Ringgold Bks: Texas

 

1 November 1856

 

Your letter of the 9th Aug: My dear brother Childe has just reached me. It has given me unspeakable gratification to hear from you. I measure your feelings by my own & know how miserable they must be. Her[1] remembrance of me in the last moments of life, in the pain of separation from all that was dear to her in this world & in view of the brightness of the next, is sweet to me beyond expression. God knows how much I cherish her memory, & how dear to me has ever been her love. A thousand regrets continually besiege me, at my long separation from her, & the hope with which I constantly beguiled myself of an ultimate reunion, is now my torture. But I trust in the mercy of our father in Heaven to unite us in that world where we shall know no separation No Misery! I am distressed beyond measure at the thought of not being able to see you during your visit to this Country.[2] I hope you will go to Arlington & make that your home while you remain. Though it will not furnish the Comforts to which you are accustomed. I know you will find the most Cordial welcome, & the truest sympathy in the hearts of the occupants. Write to me how you are & all about yourself & children. Everything relating to you will be gratifying to me. Leave at A[rlington] for me some of her beautiful hair, I wish to twine it into a braid with some of our dear Mothers. I hope you left Florence & her child well & happy, & that you will experience every joy & Comfort in the society of your children. You must give much love to them for me. I feel that you & them are dearer to me now than ever.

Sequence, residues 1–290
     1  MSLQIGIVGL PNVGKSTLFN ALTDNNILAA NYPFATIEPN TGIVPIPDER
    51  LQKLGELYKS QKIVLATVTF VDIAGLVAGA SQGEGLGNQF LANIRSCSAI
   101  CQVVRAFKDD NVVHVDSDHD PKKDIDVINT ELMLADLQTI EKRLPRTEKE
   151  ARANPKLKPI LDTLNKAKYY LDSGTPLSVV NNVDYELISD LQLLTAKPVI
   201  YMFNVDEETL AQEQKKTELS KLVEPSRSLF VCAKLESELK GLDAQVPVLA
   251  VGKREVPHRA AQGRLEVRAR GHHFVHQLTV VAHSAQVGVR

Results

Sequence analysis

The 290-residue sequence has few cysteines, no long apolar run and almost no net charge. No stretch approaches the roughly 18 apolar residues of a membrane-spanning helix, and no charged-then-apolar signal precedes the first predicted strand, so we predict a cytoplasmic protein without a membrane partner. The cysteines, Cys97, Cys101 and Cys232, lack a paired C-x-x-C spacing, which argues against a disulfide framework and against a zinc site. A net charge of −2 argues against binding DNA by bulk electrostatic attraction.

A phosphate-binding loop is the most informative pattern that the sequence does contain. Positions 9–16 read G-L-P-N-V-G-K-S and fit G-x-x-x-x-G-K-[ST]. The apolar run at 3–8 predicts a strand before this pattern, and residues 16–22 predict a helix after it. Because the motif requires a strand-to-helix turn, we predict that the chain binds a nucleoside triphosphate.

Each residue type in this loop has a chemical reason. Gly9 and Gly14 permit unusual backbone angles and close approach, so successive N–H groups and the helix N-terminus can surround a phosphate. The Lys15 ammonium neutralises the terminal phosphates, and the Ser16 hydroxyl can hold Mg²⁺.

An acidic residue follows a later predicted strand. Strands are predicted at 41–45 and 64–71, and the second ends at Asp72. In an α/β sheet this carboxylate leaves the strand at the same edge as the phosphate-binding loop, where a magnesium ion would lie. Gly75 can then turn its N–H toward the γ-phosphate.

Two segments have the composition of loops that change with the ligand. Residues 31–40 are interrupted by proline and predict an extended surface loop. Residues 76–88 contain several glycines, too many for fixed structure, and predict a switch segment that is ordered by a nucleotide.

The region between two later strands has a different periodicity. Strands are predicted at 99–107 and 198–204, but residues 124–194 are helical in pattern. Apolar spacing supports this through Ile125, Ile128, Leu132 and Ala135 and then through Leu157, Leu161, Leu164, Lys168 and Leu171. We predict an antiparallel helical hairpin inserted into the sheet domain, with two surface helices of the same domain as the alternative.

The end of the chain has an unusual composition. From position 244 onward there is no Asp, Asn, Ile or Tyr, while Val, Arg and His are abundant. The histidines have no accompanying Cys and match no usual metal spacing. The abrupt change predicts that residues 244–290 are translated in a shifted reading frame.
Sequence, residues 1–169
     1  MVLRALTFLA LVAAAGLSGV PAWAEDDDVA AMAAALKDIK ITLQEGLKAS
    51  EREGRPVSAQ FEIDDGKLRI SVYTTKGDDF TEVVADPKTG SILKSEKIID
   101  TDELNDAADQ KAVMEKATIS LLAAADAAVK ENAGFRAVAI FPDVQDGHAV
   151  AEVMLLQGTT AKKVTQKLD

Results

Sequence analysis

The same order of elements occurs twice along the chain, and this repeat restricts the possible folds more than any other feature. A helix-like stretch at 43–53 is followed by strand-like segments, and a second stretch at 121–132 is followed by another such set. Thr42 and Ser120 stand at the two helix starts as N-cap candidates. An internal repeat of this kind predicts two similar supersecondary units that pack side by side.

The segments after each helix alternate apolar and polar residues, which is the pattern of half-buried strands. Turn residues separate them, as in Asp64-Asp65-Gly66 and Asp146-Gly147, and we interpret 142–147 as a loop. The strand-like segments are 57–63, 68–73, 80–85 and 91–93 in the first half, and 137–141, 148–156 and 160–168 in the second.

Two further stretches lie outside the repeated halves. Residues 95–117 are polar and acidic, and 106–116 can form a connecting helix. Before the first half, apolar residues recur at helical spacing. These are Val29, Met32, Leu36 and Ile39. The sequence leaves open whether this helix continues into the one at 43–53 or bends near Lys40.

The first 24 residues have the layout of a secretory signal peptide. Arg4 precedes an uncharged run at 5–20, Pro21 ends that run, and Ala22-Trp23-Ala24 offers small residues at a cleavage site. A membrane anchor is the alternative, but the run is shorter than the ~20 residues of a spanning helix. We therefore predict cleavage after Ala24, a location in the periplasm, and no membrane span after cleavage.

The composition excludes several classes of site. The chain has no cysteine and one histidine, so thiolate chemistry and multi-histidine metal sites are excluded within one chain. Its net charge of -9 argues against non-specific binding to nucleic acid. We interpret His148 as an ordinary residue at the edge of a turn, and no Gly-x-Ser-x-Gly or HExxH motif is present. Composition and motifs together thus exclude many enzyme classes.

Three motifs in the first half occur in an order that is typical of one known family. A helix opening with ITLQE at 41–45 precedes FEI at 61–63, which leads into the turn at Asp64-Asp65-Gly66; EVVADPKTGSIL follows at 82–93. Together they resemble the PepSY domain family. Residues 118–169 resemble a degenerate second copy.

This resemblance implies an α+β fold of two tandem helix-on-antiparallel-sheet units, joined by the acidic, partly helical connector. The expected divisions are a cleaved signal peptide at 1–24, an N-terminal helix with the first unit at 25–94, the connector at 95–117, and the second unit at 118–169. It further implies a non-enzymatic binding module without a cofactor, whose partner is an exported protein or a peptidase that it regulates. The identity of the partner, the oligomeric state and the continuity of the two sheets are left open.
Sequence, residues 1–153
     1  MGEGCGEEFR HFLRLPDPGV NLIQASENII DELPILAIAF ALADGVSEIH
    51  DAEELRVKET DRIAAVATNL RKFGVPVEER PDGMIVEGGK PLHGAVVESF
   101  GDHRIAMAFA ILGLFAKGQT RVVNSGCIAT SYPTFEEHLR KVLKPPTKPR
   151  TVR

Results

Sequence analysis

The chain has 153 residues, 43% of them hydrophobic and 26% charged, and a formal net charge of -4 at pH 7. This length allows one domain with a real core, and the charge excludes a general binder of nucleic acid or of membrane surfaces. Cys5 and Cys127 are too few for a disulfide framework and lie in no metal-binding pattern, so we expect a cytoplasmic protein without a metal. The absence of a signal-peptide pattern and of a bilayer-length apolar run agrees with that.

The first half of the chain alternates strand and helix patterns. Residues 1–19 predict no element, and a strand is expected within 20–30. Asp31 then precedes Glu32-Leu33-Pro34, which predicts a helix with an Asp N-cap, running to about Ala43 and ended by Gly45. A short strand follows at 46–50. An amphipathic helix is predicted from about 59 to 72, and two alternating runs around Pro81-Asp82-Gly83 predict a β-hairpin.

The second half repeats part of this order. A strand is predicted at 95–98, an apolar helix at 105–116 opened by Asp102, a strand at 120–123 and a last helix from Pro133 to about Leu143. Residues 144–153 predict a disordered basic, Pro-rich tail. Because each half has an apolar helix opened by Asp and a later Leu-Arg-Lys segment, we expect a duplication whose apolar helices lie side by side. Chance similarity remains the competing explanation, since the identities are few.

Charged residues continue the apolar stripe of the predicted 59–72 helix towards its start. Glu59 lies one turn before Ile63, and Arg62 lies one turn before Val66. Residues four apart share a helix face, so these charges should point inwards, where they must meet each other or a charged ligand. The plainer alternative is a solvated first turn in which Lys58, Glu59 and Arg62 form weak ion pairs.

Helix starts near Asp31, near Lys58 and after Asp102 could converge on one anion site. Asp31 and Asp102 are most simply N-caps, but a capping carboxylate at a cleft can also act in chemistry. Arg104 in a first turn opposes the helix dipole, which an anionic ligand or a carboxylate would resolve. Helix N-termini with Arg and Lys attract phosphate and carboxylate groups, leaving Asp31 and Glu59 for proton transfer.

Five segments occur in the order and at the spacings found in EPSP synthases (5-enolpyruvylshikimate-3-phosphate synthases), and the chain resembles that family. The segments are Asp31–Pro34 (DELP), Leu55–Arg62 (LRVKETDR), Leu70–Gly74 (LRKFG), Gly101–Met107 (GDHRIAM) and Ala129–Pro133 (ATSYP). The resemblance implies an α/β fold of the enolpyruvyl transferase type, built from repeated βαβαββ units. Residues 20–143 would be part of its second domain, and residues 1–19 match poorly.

I wrote to you my dear brother Childe on first learning our dreadful bereavement. I will write again as soon as I hear of your arrival in this Country. I feel unable at this time to say more. I leave tomorrow for Fort Brown where I shall probably be detained all this month, & expect to be in San Antonio about the middle of December. The separation from my dear wife & children is very grievous to me, & I do not know how long I can stand it. I fear it will eventually drive me from the Service. May God guard & protect you & all belonging to you is the fervent prayer of your affectionate brother

 

R E Lee

To E V Childe

 

Source: The Archives of the Robert E. Lee Memorial Foundation, Papers of the Lee Family, Box 3, M2012.009, Jessie Ball duPont Library, Stratford Hall.

Transcribed by Colin Woodward, 2015 September 15



[1] Childe’s mother Mildred Lee Childe.

[2] He was in France.